Is low female presence in urology a brazilian issue?
Introduction: The increased presence of women in different work spaces can be also seen in Medicine. Although there's still a majority of men, 54.4% in 2017, women are the youngest doctors in the country, counting 55%. This number has been increasing since 1970, and in 2014 women have become responsible for most new medical records. However, this growth in the medical world has been restricted to some specialties. Urology, the focus of this study, remains the specialty with fewer women. In 2013, 1.7% of the graduates were female, and in 2018 rose to only 2.2%, one of the smallest growths among 53 specialties (only bigger than neurosurgery, 0.32%). Low female adherence is often justified by cultural issues, prejudice, misinformation and also the patient's supposed difficulty in opening up about her sexuality with a female doctor. The purpose of this study is to analyze the presence of women in urology in different countries and compare them with national data using publicly accessible information.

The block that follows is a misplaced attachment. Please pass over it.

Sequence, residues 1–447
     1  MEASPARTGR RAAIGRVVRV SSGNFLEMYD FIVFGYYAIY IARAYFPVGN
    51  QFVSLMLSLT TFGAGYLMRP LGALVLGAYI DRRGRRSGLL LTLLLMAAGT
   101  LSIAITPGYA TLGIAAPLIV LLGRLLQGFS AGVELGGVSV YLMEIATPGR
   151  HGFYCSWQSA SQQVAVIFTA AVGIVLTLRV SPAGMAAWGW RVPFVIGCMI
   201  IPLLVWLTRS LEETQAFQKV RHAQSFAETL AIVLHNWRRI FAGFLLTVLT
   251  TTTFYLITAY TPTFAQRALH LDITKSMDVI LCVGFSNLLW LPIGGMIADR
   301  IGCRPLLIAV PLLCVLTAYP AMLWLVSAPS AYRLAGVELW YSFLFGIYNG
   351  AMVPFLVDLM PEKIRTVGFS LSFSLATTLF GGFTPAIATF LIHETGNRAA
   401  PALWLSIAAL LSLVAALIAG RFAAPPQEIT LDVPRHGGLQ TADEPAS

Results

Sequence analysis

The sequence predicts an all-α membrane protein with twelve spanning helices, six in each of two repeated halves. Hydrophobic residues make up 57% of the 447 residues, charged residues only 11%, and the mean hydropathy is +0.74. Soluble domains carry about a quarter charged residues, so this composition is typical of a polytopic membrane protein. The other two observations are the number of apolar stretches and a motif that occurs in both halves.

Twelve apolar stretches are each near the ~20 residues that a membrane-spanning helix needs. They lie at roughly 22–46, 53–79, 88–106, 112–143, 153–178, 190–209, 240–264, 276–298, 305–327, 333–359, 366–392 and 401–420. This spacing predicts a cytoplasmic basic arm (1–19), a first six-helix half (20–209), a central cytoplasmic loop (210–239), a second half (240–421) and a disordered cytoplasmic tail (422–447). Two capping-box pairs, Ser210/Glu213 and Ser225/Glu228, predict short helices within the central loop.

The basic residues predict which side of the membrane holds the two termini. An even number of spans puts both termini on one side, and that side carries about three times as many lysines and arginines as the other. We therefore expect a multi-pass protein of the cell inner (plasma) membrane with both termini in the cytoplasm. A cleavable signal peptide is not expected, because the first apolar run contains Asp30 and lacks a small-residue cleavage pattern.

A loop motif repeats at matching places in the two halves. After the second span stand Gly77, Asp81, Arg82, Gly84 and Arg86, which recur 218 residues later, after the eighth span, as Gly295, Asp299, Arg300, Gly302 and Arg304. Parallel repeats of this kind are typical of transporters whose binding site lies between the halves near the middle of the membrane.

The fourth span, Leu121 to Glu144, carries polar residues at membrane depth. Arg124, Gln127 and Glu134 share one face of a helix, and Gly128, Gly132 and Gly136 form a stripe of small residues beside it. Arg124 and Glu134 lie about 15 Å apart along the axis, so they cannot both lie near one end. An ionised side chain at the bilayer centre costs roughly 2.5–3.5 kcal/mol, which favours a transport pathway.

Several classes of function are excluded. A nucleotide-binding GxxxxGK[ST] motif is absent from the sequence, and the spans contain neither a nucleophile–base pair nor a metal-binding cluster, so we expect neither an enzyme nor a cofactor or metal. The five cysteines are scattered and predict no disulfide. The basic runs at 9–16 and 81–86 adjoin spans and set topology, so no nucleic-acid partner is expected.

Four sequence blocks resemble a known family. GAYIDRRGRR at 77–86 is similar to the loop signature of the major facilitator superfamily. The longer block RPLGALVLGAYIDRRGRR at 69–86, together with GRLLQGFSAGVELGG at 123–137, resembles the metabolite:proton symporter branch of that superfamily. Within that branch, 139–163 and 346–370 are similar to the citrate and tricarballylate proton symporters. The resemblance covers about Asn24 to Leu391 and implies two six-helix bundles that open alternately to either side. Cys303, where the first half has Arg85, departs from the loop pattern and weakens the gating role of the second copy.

Objective: Compare and analyze Brazilian statistics of the presence of women in urology with different countries in the last 10 years.
Methodology: A bibliographical research was conducted with Brazilian statistics and compared to different international data on the presence of women in urology between 2008 and 2018. The information was collected by means of official free access data available online.
Results: Data were collected from countries in different continents. The Brazilian data show a growth of the female presence in urology that is insignificant in the analyzed period, being one of the lowest of the data found. Other countries, such as France - which grew from 2.75% to 6.93% - had a more significant increase in female presence, although not following the expected increase. The United States, on the other hand, grew from 4.7% to 8.7%, which is closer to the general reality of medicine in the country (6.9%).
Conclusion: The collected data indicate that the absence of women in urology is not a strictly Brazilian problem, however, it seems to be worse in Brazil. Further studies on the subject are needed in order to better understand the scenario of the presence of women in urology.